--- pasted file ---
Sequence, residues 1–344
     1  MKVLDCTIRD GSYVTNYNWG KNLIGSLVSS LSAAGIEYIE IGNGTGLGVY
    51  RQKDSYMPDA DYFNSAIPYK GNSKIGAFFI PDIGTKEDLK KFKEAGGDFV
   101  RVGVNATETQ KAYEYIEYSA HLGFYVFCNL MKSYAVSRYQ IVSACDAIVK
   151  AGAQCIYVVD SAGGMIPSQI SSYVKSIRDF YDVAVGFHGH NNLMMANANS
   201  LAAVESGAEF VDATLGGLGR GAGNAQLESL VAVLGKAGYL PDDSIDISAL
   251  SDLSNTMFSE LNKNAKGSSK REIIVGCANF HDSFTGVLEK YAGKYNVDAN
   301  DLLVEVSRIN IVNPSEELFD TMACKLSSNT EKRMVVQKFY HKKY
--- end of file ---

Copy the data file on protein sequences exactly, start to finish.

Sequence, residues 1–344
     1  MKVLDCTIRD GSYVTNYNWG KNLIGSLVSS LSAAGIEYIE IGNGTGLGVY
    51  RQKDSYMPDA DYFNSAIPYK GNSKIGAFFI PDIGTKEDLK KFKEAGGDFV
   101  RVGVNATETQ KAYEYIEYSA HLGFYVFCNL MKSYAVSRYQ IVSACDAIVK
   151  AGAQCIYVVD SAGGMIPSQI SSYVKSIRDF YDVAVGFHGH NNLMMANANS
   201  LAAVESGAEF VDATLGGLGR GAGNAQLESL VAVLGKAGYL PDDSIDISAL
   251  SDLSNTMFSE LNKNAKGSSK REIIVGCANF HDSFTGVLEK YAGKYNVDAN
   301  DLLVEVSRIN IVNPSEELFD TMACKLSSNT EKRMVVQKFY HKKY